Head: the head of the Painter type is relatively large and broad but less so than the Johnson type's, the skull has a flat top and a clear groove in the forehead. The stop is less deep than the Johnson type's and the cheeks are well developed. The snout is broad and square, with well-muscled jaws. The lips are full. The ears are medium sized and are allowed to be carried hanging or worn folded backwards (rose ears). The medium-sized eyes are round to almond-shaped and are set widely apart. The eyelids close correct. American Bulldogs have a overshot bite.
Height at Withers: the height at the withers for males is 55 centimeters (22 inches) to about 66 centimeters (26 inches). Bitches are around 53 centimeters (21 inches) high to about 63.5 centimeters (25 inches).
Weight: the weight of males is around 34 and 44 kg (75 to 97 pounds) and for bitches, this is around 27 to 39.5 kg (60 to 87 pounds) depending on their size. They have a lighter build than the Johnson type.
Coat: the coat is short-haired and soft textured. In any event the hair may not be longer than 2.5 centimeters (should be shorter than an inch).
Colors: the most common color is mostly white with some brindle, black or red spots. The brindle and red can range from very light to dark. Even plain white copies exist. Dark Colored dogs are less desirable. Preference is given to black to dark brown eyes, black around the eyes and a black nose.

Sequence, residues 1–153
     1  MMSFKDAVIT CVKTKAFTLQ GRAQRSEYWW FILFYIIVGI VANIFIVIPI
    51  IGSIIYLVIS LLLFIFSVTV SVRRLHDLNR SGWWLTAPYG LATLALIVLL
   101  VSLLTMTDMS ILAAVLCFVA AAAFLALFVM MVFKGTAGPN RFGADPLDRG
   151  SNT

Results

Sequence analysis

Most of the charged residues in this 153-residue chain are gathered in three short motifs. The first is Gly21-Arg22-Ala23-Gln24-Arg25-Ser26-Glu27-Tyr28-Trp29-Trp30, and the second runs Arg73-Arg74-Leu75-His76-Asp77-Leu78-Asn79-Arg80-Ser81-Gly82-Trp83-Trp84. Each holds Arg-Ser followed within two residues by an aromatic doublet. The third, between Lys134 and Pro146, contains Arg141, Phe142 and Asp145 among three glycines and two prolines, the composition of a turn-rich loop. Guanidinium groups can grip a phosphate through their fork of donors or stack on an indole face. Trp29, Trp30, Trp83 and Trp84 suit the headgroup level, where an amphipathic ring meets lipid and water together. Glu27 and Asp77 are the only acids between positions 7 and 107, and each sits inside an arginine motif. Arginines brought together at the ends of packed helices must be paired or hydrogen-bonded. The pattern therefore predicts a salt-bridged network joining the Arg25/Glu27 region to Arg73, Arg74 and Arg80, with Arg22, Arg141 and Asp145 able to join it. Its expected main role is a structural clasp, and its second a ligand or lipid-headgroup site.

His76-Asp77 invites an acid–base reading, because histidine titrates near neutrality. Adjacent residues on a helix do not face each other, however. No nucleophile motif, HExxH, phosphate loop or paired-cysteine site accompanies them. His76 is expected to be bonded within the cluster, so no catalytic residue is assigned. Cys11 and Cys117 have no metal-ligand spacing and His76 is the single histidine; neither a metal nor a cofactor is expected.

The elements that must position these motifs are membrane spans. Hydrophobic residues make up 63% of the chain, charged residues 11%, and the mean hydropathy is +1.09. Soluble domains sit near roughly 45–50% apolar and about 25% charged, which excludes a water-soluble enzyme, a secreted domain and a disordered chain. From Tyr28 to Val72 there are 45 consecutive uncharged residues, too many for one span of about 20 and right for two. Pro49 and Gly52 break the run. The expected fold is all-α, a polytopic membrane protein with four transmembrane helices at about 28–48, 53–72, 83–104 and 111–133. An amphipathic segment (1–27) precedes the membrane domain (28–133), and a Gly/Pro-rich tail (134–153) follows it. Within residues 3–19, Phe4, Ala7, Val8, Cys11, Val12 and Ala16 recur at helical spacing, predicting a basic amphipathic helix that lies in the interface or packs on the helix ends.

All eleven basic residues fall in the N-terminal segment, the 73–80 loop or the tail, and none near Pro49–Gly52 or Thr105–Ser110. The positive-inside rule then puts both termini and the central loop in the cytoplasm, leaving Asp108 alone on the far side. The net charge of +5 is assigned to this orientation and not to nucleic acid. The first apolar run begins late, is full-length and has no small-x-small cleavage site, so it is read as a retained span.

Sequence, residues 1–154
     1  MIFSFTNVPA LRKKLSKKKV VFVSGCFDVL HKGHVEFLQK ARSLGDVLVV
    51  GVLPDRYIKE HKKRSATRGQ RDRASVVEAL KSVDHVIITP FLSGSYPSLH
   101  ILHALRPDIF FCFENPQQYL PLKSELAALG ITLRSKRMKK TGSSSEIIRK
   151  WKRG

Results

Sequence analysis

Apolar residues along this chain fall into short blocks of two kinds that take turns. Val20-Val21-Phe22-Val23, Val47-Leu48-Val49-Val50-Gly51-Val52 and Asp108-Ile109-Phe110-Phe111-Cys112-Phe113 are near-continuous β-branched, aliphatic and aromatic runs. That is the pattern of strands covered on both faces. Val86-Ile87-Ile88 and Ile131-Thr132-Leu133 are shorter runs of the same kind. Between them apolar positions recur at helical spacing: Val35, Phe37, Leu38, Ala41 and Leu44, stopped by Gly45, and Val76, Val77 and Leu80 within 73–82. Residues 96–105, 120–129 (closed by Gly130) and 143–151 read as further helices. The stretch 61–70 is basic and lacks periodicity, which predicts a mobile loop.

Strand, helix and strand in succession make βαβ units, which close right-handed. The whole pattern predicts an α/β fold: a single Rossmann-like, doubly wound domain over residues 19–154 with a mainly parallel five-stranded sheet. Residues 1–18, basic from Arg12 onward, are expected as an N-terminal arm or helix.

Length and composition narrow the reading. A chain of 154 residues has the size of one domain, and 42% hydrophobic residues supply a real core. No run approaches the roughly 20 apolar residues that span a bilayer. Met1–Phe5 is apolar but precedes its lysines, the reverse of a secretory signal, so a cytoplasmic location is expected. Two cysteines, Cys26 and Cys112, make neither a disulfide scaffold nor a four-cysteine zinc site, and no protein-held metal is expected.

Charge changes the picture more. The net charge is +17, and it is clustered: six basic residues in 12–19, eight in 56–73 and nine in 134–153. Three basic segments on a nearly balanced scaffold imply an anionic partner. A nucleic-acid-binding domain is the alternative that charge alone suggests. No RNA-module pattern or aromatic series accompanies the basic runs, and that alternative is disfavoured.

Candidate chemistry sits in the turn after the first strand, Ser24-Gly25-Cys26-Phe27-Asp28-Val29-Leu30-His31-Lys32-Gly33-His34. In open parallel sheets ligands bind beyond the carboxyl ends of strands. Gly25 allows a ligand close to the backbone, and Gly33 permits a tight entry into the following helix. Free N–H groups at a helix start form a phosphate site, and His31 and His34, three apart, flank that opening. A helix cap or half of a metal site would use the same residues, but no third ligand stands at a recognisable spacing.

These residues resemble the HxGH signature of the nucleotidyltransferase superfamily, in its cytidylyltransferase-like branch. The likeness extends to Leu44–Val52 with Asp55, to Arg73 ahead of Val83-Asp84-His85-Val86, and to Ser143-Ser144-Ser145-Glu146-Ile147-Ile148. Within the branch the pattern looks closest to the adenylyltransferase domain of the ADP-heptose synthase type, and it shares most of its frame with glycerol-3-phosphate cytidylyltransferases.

American Bulldog Temperament
Character: the American Bulldog is a very balanced, self-confident dog with a natural instinct to guard and defend his family, home and property. It does so in a calm and thought through manner, but very convincing. The dogs are very intelligent and are very loyal and committed to their own boss and family members. They are alert, very courageous and hard on themselves. A kennel is not the ideal place to keep a dog of this breed. They should live in the house, in the midst of their families. In house are rather quiet. They only bark when there is something going on.